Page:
The concept is based on really as much as we can, increasing the revenues of Black-owned businesses. As far as the experience goes, as far as the people we’re targeting, it’s kind of like a network, a young professional type of environment, where we’re trying to create this space where young people — Black, White, whoever — in Detroit or in any other urban area — can come together and network. And also have a good time, have some good drinks and not be in this formal suit and tie setting where it’s like a formal networking event. It’s just a happy hour, but you’re happy “hour-ing” with pretty important and successful people In the city. So, basically with the shuttle, we may have a theme of music and it may be Detroit trap music or something and on that shuttle, we’ll play local artists from Detroit. On the ways to the different bar crawl we’ll be playing a certain theme and certain holidays we may have a certain theme too. Once you get to the bar or restaurant, there will also be a theme and we would have Soulcial Scene drink specials, our own special drinks, which will all go hand in hand with whatever days that we’re running the shuttles. We’ll also have material on the buses advertising other Black-owned businesses and also giving some type of background on the bars that we are visiting on that particular day.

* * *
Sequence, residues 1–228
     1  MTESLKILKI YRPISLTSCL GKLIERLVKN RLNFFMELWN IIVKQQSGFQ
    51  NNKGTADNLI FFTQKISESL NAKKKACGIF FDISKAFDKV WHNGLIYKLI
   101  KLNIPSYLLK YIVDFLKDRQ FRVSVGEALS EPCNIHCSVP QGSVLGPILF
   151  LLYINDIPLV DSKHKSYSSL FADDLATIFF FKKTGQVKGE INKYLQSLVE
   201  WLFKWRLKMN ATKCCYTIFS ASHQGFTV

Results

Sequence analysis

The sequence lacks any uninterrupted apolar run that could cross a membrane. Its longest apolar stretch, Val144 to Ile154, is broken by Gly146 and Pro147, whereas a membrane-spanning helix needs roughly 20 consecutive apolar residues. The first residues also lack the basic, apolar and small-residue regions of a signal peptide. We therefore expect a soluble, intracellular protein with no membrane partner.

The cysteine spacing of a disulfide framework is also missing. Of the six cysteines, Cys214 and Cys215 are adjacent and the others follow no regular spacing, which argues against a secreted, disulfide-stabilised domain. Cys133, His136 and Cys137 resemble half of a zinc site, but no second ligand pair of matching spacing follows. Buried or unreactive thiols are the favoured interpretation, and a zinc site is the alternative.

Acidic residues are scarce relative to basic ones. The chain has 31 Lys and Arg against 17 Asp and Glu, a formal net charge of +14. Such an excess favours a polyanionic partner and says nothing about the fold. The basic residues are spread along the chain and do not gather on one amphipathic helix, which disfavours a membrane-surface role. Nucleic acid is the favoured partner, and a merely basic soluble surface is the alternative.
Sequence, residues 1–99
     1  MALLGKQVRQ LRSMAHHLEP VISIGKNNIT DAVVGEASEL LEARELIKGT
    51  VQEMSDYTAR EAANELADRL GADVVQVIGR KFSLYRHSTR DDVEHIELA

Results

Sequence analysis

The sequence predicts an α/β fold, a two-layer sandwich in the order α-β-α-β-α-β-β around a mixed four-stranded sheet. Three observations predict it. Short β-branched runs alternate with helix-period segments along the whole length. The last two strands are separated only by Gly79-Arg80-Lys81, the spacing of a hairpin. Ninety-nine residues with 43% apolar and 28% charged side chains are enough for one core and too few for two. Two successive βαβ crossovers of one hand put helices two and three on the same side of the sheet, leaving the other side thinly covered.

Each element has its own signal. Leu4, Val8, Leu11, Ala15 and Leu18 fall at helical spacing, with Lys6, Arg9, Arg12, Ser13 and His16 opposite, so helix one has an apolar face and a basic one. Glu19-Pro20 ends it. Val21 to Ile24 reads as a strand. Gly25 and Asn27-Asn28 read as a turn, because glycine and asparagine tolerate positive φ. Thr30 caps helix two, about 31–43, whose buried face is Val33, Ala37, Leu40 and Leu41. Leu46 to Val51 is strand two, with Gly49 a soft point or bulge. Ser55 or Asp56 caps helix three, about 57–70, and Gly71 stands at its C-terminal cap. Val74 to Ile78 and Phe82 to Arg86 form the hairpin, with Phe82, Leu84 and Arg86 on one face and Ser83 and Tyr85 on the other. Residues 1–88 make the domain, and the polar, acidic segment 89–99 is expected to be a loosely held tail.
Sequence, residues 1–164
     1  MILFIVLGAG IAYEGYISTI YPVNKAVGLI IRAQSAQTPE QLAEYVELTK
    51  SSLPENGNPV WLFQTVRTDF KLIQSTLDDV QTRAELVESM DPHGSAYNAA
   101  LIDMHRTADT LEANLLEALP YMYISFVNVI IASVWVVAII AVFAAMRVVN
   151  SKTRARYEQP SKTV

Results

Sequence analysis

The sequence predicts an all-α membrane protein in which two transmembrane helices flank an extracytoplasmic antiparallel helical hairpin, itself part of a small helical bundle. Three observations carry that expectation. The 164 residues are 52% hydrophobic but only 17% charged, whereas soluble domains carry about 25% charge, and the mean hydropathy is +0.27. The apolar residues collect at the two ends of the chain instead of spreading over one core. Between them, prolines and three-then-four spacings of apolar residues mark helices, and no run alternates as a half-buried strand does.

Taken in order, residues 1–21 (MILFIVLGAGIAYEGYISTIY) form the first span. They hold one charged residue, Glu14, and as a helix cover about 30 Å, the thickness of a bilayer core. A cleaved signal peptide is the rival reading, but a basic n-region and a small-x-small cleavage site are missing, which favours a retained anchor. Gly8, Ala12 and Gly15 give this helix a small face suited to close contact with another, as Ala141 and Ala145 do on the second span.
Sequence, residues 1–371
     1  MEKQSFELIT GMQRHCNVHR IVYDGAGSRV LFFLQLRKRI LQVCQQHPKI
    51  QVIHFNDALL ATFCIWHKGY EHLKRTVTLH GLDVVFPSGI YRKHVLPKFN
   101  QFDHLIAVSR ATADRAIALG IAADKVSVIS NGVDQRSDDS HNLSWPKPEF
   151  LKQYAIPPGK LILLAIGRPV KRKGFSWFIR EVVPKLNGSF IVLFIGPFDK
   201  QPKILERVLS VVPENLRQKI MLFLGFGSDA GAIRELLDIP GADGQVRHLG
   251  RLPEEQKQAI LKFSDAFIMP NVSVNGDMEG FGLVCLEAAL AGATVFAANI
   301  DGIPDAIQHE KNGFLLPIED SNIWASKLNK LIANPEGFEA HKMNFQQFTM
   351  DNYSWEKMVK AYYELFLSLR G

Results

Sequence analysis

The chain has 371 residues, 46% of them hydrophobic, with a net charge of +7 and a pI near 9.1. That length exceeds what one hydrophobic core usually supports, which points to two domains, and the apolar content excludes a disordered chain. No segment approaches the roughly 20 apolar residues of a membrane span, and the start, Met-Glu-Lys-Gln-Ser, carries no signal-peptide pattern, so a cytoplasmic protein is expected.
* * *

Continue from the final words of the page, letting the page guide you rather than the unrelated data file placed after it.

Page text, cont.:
How do people get involved from both a business perspective and a potential member’s perspective?